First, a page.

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December 07th, 2021

music man rehearsalNikki Frydendall prepares to work on choreography with the student cast of the upcoming Liberal High School Drama Department production of “The Music Man.” The show will have performances Nov. 12, 13 and 14, all in Maskus Auditorium at LHS. L&T photo/Elly GrimmELLY GRIMM • Leader & Times


Live theatrical performances are slowly beginning to come back, including with the Liberal High School Drama Department. 

The LHS Drama Department will be presenting “The Music Man”  Nov. 12 and 13 at 7 p.m. and Nov. 14 at 2 p.m., with all performances to take place in LHS’ James Maskus Auditorium. Tickets for audience members 18 and under are $5, and adult tickets are $8. The show follows con man Harold Hill, who poses as a musician and hatches a plot to sell musical instruments and uniforms to gullible townsfolk in River City, Iowa, with the promise to train them and turn them into a credible band. His intentions, however, are to skip town before he gives a single music lesson. Marian, a local librarian and piano teacher, sees right through him and threatens to out him, and comedy and romance ensue. 

Overall, director Miriam Climenhaga said, putting the show together has been a very fun experience with her cast and crew. 

“I have enjoyed how many more students have wanted to become involved working with the backstage side of things. The students seem to really enjoy this show and we have had a lot of fun with the time period and the language of the show and the way people talked in 1912 Iowa.” Climenhaga said. “It’s fun to see all the pieces fall into place. We have community members in the orchestra pit, which is exciting for the students. We have had some more challenging choreography to learn and Nikki Frydendall has really been coming up with some great stuff for the choreography. I think everyone is just a bit more excited this year to be doing a show! Even though we had one last year, it was still difficult with the schedule having a slow start due to COVID-19 and everything else. This year it’s all been a little more ‘normal’ and has garnered extra help. And everyone’s very excited, it seems to be really sinking in how we are only three weeks away from showtime!”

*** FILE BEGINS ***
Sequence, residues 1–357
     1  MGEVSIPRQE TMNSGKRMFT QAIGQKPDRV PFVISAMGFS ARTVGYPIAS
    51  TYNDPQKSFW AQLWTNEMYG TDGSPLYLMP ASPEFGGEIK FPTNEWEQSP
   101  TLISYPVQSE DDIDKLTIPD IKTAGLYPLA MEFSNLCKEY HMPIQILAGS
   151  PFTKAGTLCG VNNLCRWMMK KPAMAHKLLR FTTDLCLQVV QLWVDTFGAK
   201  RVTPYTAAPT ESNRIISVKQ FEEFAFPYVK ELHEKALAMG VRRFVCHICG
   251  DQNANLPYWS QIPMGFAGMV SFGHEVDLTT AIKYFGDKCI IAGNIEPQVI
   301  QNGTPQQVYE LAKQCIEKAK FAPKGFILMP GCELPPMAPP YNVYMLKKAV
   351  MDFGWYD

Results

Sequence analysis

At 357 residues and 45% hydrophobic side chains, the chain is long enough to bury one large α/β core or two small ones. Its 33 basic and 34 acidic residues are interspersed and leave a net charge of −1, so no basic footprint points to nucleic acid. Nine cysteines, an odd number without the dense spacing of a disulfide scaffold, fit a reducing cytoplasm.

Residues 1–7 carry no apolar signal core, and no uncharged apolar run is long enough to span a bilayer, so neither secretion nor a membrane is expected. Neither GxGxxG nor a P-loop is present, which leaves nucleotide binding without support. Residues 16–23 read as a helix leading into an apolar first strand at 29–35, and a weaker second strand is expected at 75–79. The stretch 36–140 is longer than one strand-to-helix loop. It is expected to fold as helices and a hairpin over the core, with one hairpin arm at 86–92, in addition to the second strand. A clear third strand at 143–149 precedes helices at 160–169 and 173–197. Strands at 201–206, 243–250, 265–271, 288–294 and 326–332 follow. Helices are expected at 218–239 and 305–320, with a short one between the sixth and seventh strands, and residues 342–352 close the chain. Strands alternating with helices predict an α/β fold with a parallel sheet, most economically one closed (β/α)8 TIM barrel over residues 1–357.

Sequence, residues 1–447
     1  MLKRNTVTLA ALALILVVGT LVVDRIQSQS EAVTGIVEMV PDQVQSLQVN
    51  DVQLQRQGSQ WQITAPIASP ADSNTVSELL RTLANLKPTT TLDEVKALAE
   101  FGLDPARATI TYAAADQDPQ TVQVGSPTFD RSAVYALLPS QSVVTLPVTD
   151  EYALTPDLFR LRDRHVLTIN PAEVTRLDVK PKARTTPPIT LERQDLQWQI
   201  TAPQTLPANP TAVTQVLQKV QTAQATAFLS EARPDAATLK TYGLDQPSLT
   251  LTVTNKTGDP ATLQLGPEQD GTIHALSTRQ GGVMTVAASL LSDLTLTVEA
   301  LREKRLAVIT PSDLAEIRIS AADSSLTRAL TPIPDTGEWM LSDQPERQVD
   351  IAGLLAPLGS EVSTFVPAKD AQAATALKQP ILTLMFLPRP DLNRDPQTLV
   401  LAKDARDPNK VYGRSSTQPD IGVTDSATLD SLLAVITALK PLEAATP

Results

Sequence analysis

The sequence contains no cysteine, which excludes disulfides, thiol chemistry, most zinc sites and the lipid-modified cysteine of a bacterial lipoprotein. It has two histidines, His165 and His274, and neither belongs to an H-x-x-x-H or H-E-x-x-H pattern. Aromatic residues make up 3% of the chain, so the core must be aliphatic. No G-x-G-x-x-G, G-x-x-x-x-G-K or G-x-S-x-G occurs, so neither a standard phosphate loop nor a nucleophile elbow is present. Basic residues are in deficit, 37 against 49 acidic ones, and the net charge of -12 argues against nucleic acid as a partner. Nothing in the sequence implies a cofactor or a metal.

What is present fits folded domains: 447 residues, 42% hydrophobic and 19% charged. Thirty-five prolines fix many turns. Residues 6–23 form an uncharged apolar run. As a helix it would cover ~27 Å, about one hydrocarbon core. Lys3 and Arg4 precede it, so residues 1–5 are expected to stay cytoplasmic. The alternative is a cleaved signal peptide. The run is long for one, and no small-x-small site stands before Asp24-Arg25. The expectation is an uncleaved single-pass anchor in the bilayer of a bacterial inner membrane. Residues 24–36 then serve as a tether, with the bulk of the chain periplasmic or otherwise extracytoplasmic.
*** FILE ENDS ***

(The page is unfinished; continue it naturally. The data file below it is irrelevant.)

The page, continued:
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Climenhaga added there were several factors to keep in mind when choosing the show for this year. 

“Mr. Yeremin and I really wrestled with which show to do, because you have to take into consideration a lot of factors when choosing,” Climenhaga said. “We chose this one because we wanted to do something light and fun, because we felt the kids and the community needed something light and fun after a very long previous year. I expect the show will happen, the kids will do their very best, and that they will have fun doing it. A lot of work goes into those three performances, but the kids always manage to rise to the challenge and pull it off in the end! I encourage everyone to come out for ‘The Music Man’ because it’s such a feel-good show with several recognizable songs, and is the perfect show to lift our spirits and embrace the ability to have live theatre again.”

Climenhaga talked about other ways to support the show and the drama department as a whole.

“Unfortunately, we are unable to stream the show this year because ‘The Music Man’ happens to be a show that doesn’t grant video/streaming rights. We would love to have everyone that wants to be there, there!” Climenhaga said. “But, if you can’t make it and you still want to support the musical, donations are always welcome and can be directed to the musical specifically. We are also always looking for possible props and costumes, and we welcome donations throughout the year of things like that, that a community member might want to find a new home for. I’m always the most excited to see the show come together and the kids having fun doing something that they doubted they could do at the start of the rehearsal process!”

Climenhaga also praised the work of the students in the cast and crew for their hard work for the show and offered encouragement for people in the community to come and see “The Music Man” that weekend. 

“Everyone's getting excited but nervous at the same time, everyone's doubling down to make sure they have their parts fully memorized and ready to go,” Climenhaga said. “The reality's setting in that opening night is actually rather close now, so they're really working themselves hard to get everything ready, and they're really excited to see all of the different parts come together into one cohesive project. So at this point we're fine tuning quite a few things and smoothing them out. The students have worked really hard on this show, we have a lot of people in the cast and crew who have put a lot of time and effort into this, and we can't have a show without an audience, so I hope a lot of people come out and see it. The students put in so much work for only three performances, and I hope the community will come out and support the kids involved. The best way to show your support is to be an audience member!”

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